By Tunde Demuren
Everyone’s favorite world cup coach, Mexico’s Miguel Herrera, is back, this time on the hot seat as his team has gone winless in their past 7 matches. Recently, Mexico has failed to recapture their World Cup form, as they have struggled in international friendlies and the Copa America (albeit they fielded a B squad for the tourney). Despite their poor run of form, there are high expectations for Mexico to come out of this tournament with a title given their history as the tournament’s winningest team (6 Gold Cup titles).
Mexico’s first Group C match took place in Chicago at Soldier Field against the 104th ranked Cuba team, the 2nd-lowest ranked team in the tournament. Mexico dominated the game from the early stages against a clearly inferior Cuba side, as they controlled all aspects of the game and were rarely threatened on the defensive end. The game ended 6-0 and could have been much worse if Mexico had been more efficient with the many chances they created in the game. Goals came from Oribe Peralta (3), Andres Guardado, Carlos Vela, and Giovani Dos Santos.
For a more detailed game summary, check out Fox Soccer’s recap here. Below are my three main takeaways from the game.
1. Cuba never really had a chance
In addition to the huge disparity in talent between the two sides, Cuba faced a major setback entering the tournament as they are without 6 key players plus their manager due to visa issues. While it is unlikely that this made any difference to the end-result, it further stacked the odds against the Cubans. Cuba had no answers for Mexico’s midfield-dominant 4-4-2 formation and possession-based playing style, as they yielded numerous chances and rarely forayed into Mexico’s penalty box. The stats reflected this dominance, as Mexico had 76% of possession and 44 shots vs. Cuba’s 3. What killed off Cuba in particular, was their defenders’ failure to track runners and inability to clear balls amidst Mexico’s attacks. All in all, Cuba was lucky to leave this game with only a single digit margin of defeat.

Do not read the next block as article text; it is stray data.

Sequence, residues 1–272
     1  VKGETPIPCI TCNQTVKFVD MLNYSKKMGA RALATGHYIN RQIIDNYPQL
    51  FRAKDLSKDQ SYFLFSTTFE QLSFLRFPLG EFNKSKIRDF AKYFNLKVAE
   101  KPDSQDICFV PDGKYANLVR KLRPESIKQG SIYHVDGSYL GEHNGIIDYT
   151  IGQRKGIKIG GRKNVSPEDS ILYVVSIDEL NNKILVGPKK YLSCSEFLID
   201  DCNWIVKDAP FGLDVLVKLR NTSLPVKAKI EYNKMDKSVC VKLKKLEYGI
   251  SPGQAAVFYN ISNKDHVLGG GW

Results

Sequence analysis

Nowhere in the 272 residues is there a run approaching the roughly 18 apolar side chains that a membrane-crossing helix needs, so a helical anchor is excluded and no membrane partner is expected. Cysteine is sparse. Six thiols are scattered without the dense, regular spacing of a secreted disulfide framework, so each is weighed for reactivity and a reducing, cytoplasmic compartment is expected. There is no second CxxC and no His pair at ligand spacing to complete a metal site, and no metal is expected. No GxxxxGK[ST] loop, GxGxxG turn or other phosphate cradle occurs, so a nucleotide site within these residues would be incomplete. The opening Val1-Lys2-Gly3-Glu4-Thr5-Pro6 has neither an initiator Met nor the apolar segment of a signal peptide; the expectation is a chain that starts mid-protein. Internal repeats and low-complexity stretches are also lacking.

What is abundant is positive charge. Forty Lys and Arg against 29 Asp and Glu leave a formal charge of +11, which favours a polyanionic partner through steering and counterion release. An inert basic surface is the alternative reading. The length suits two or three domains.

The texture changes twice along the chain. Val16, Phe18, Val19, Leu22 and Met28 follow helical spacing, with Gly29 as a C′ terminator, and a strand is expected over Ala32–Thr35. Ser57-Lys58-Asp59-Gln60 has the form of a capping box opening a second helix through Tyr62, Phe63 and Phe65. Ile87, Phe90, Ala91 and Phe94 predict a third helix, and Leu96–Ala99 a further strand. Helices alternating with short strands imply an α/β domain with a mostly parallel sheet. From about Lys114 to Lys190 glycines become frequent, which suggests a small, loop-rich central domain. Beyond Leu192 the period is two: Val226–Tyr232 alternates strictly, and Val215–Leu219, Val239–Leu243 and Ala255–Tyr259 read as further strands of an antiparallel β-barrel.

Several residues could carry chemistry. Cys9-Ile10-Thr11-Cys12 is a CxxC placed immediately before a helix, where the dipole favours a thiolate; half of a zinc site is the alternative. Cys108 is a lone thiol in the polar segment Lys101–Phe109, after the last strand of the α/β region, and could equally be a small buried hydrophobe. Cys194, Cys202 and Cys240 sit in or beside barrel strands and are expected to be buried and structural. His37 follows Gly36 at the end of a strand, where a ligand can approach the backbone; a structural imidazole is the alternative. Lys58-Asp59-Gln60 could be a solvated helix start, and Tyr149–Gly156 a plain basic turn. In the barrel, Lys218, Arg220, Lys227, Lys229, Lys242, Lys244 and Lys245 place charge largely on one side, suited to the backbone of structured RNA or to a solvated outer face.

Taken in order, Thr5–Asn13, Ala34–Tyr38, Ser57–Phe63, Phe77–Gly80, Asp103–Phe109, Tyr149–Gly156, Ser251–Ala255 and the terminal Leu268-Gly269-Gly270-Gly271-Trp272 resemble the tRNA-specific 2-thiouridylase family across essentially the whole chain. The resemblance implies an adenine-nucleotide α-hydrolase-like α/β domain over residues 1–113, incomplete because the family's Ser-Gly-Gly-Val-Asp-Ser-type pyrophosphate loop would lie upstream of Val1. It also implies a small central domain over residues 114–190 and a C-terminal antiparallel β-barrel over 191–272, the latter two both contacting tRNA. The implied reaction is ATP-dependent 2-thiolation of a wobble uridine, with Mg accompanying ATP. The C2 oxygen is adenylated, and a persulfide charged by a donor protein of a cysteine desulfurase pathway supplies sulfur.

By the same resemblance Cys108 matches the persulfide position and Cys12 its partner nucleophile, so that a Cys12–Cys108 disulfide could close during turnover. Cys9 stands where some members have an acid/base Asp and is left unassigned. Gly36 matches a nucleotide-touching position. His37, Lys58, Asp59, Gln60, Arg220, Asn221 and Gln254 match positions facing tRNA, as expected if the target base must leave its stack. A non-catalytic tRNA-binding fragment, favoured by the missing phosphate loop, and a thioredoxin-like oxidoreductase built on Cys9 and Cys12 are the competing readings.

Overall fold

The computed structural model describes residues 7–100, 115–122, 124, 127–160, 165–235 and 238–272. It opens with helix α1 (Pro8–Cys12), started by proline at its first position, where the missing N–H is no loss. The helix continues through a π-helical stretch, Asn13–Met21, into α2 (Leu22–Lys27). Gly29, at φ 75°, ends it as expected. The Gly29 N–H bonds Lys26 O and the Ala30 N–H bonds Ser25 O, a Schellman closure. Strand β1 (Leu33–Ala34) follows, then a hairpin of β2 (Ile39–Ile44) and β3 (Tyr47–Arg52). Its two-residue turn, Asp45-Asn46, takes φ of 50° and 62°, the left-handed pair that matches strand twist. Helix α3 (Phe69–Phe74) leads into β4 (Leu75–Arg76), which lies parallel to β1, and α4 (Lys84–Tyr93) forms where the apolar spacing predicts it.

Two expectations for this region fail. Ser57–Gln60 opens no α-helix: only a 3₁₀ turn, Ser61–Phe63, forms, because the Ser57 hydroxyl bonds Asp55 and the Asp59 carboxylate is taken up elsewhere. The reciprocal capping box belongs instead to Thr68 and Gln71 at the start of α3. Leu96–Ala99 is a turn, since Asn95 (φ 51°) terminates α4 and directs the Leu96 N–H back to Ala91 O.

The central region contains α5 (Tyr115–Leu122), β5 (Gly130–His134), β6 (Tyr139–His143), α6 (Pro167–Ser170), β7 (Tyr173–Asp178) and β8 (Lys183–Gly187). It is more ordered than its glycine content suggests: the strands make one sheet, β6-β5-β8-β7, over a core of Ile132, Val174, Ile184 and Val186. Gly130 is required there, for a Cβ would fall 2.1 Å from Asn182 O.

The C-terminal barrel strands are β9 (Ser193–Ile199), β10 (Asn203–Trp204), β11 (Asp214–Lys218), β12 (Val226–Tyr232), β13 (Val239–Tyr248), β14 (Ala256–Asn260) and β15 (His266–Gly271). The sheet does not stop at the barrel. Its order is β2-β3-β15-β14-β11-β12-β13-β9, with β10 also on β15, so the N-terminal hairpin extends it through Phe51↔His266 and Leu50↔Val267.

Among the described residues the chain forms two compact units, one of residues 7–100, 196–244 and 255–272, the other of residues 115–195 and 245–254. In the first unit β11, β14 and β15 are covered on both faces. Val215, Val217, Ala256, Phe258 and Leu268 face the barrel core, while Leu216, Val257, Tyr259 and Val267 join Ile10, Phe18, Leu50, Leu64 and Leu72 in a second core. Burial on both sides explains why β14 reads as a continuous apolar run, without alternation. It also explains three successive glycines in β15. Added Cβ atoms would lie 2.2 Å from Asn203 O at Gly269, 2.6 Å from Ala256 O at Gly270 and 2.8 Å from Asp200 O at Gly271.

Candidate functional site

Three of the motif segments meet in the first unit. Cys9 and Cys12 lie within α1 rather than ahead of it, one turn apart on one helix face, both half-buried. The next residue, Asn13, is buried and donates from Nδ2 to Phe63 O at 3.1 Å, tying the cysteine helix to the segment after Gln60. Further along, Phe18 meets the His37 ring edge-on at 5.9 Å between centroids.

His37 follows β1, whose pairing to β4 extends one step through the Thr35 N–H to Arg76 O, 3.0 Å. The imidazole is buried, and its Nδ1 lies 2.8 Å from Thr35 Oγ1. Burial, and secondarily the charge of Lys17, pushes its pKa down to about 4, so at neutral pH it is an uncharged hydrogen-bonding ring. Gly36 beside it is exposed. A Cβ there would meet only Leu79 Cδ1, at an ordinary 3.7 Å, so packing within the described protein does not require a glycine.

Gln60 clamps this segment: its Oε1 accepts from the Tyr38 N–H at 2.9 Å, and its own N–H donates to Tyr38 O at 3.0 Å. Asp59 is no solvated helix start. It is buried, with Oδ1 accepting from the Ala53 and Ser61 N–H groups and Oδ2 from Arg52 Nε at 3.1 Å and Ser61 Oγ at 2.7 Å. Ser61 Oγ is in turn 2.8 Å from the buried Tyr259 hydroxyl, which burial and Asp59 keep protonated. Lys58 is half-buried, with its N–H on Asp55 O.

2. Mexico have strong attacking threats from back to front
The lack of defensive burden allowed Mexico to display their attacking quality from all areas of the pitch. The wing backs, Miguel Layun and Paul Aguilar, were able to repeatedly find space down the wings to play dangerous crosses into the box. In the midfield, Hector Herrera and Andres Guardado effectively cut inside from the wings to contribute in the final third with incisive through balls for the strikers to latch onto. In the forward position, Carlos Vela, who was playing his first competitive international match since the 2010 World Cup, displayed the value of his attacking instincts and speed, with his dangerous runs resulting in a well-deserved poacher’s goal. Vela’s strike partner, Oribe Peralta, showed once again why he was preferred to Javier Hernandez in the World Cup, with three well-taken penalty box goals.
3. The U.S. could struggle heavily against this Mexico side
The Honduras match revealed some key defensive and midfield weaknesses for the U.S, which an in-form Mexico side should be able to exploit. Mexico is a team well-equipped to give the U.S. trouble, mainly due to their strong central midfield which can dominate possession, something the midfield pairing of Bradley and Beckerman was unable to do against Honduras. In the Honduras match, the center backs (Brooks and Alvarado) were not compact and left themselves exposed far too often, yielding numerous half-chances for Honduras. Given the creative passing ability of their midfield and the high quality of their strikers, Mexico has the tools to punish an inexperienced U.S defense. In the past, the U.S team has also been vulnerable to counter attacks due to the attacking nature of the wing backs (Johnson and Chandler) and the lack of recovery speed of the center backs. Mexico have the ability to be a potent counterattacking team, due to the pace of their attackers, as shown on the 6th goal by Giovani Dos Santos. If the U.S meet Mexico in the final, they will need to greatly improve on these flaws from their first game, in order to win this tournament.
Goal of the Match: Guardado (44′)
Man of the Match: Oribe Peralta
Although he was not completely clinical with his chances (3 goals on 12 shots), Peralta made intelligent runs into the box throughout the game to get into dangerous areas, allowing his teammates to find him often. This resulted in a hat-trick of quality strikes, and if Peralta can be more clinical with his finishing, he will cause major problems for even the stronger sides in the tournament.
Next up for Mexico: Sunday, July 12 vs. Guatemala at 9:00 PM EST on Fox Sports 2.